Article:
Two years ago, George Wheeler of the GWK-branch at Douglas in the Northern Cape and some of the prominent farmers in the district gathered around a kitchen table to discuss solutions to tillage problems.

“We realized that we cannot do things the same way our fathers did 15 years ago and maintain profitability and sustainability; we have to save on input costs and protect our soil,” says George.

They decided to curb costs by utilizing whatever means they had to their disposal, therefore their starting point was John Deere’s tried and trusted 1750- planter as almost every farmer in the area had one. The idea was not to replace what they had, but to add to it.

The local John Deere representatives took up the crusade and found the answer in America’s High Plains region in East-Colorado and West-Nebraska.

As in the Northern Cape, the farmers there are also subject to water issues, windy conditions, sandy soil and the need for conservation tillage and labour saving technology.

The solution they found, was the XDR Combo planter. John Deere’s trusted tractor and planter technology and Orthman’s strip tillage solutions are used together to prepare the soil and plant in one smooth operation.

South African farmers can now also enjoy the benefits of this winning combination.

At a farmers’ day on the farm of the Cilliers brothers between Douglas and Prieska, the XDR Combo was demonstrated. The combination of the Orthman 1tRIPr and a John Deere 1750 planter with an adjusted frame was put to the test. HF Cilliers made sure it was properly demonstrated in a land covered with slightly moist barley residues.

The conditions were similar to those typically experienced by farmers of the area, he said. “Immediately after cutting and baling our barley or harvesting wheat, we have to get our maize into the soil through the thick and half wet plant material. There is just too much plant material left to work it all into the soil as part of a no-till system; and if left on the ground, the wind blows most of it away and the soil dries out. Also, we want to move away from the need to burn the residues.”

Strip-tillage offers the logical solution. The 1tRIPr removes the material to create a seedbed for every row, but between the rows the residue remains on the soil for conserving moisture.

Lafras CronjeÌ?, Strategic Marketing Manager of John Deere SA, asked farmers for their input. He made it clear that the farmers’ day was not just a product launch, but a final step in the process of finding the perfect solution through co-operation.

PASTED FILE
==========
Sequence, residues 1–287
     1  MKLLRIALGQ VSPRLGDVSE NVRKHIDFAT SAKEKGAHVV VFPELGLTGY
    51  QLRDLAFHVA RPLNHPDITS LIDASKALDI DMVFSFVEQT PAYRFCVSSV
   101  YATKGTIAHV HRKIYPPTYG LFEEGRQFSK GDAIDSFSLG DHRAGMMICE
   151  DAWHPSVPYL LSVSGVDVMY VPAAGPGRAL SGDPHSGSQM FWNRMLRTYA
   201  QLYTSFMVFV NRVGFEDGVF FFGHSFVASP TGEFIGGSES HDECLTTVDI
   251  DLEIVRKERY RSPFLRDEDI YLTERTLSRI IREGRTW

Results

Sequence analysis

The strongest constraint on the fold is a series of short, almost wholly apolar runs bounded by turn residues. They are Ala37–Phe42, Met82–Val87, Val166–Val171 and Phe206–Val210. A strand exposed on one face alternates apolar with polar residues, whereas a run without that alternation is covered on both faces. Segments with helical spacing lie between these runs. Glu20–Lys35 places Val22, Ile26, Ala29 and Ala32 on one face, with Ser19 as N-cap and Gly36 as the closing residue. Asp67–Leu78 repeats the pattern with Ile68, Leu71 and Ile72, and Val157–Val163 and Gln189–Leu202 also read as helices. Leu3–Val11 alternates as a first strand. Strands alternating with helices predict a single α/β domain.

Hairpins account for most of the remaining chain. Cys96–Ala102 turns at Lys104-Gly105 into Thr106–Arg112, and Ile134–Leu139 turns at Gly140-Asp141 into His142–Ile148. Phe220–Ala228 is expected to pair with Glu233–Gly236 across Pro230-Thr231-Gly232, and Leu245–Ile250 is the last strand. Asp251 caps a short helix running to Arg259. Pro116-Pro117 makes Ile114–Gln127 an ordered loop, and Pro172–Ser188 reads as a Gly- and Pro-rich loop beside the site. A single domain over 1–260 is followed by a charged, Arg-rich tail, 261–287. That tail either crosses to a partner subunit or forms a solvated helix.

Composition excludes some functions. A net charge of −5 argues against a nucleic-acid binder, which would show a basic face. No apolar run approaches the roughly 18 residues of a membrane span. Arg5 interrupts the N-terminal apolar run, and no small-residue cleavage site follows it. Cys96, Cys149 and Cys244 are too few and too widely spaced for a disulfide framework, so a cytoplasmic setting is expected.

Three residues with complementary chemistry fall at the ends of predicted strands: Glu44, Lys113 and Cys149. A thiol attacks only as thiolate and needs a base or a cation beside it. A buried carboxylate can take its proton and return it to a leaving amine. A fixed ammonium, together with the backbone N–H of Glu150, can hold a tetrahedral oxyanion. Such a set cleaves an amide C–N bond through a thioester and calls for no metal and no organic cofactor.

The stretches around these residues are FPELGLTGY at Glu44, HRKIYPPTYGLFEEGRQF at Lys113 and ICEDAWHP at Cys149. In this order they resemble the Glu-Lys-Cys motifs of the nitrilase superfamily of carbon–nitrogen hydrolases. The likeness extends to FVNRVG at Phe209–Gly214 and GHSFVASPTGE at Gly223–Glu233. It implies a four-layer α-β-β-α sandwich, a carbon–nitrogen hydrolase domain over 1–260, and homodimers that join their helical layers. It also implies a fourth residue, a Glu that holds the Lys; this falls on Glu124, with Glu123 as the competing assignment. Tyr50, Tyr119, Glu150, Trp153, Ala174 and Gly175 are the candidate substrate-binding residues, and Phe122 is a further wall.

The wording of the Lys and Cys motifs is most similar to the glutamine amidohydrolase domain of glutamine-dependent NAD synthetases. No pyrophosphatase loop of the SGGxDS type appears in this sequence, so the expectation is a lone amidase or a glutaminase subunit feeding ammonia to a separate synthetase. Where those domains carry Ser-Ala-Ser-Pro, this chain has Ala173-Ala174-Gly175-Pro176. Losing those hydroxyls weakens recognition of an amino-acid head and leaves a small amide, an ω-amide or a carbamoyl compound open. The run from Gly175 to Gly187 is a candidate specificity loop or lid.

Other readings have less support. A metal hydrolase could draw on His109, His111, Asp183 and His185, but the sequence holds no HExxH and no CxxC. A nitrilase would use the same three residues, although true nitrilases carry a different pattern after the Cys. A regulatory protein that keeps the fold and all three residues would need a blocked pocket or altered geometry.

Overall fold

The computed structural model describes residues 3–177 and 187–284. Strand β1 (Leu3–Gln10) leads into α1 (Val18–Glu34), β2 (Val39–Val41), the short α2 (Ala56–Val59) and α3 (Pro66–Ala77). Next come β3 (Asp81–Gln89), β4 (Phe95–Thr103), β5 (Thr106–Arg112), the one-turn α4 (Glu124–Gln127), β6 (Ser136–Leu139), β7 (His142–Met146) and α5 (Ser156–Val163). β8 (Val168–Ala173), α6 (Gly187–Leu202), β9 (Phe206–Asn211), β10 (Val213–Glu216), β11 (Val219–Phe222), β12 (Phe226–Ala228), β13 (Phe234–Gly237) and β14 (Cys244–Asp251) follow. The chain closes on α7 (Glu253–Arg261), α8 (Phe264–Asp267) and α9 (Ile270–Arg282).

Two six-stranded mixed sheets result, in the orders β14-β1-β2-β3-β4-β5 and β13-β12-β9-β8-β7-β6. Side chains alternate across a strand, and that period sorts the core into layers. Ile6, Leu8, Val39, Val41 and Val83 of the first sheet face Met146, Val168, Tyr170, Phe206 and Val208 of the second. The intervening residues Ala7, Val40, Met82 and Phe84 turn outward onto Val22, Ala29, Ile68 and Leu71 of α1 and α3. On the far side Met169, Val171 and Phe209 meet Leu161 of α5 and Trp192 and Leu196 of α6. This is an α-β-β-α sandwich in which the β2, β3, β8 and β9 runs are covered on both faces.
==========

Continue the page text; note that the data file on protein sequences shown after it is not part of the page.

“The time when engineers developed products on their own and expected farmers to simply accept them, is past. We follow a client solution approach to perfectly fit the needs of farmers in an area.”

The Proof Is In The Planting

Farmers followed the demonstration machine, carefully opening the neat, straight rows with their fingers to look at the placement of the seed and fertilizer. They were pleased with what they saw.

Lafras says it is clear that the concept was well received by farmers and that it suits local conditions. “We will be ready to receive orders in January.”

Rod Haarberg, Vice-President of Orthman, explained that Orthman adheres to three basic principles for precision tillage.

The first principle is the placement of fertilizer at exactly the desired depth. This is made possible by the parallel linkage wraparound design of the tiller keeping it steady and level in all conditions. The ideal depth is determined by the type of plant and soil.

The second principle is creating the perfect root zone environment by shattering the soil to encourage root development using waffle shaped coulters to perform vertical tillage.

Third, the seedbed should be prepared in such a way that no soil voids are left and so that the planter can move Orthman has recently smoothly and evenly.

HF is impressed with the results. He has been using an Orthman 1tRipr for a while, but had to follow with the planter in a separate action. He says the saving in fuel and time alone makes the combination worthwhile, and there is the added benefit of less tractor movement and resulting soil compaction in the land.

He says: “It is ideal for our type of soil and our type of irrigation farming, but I think it will be just as useful in dry land conditions.”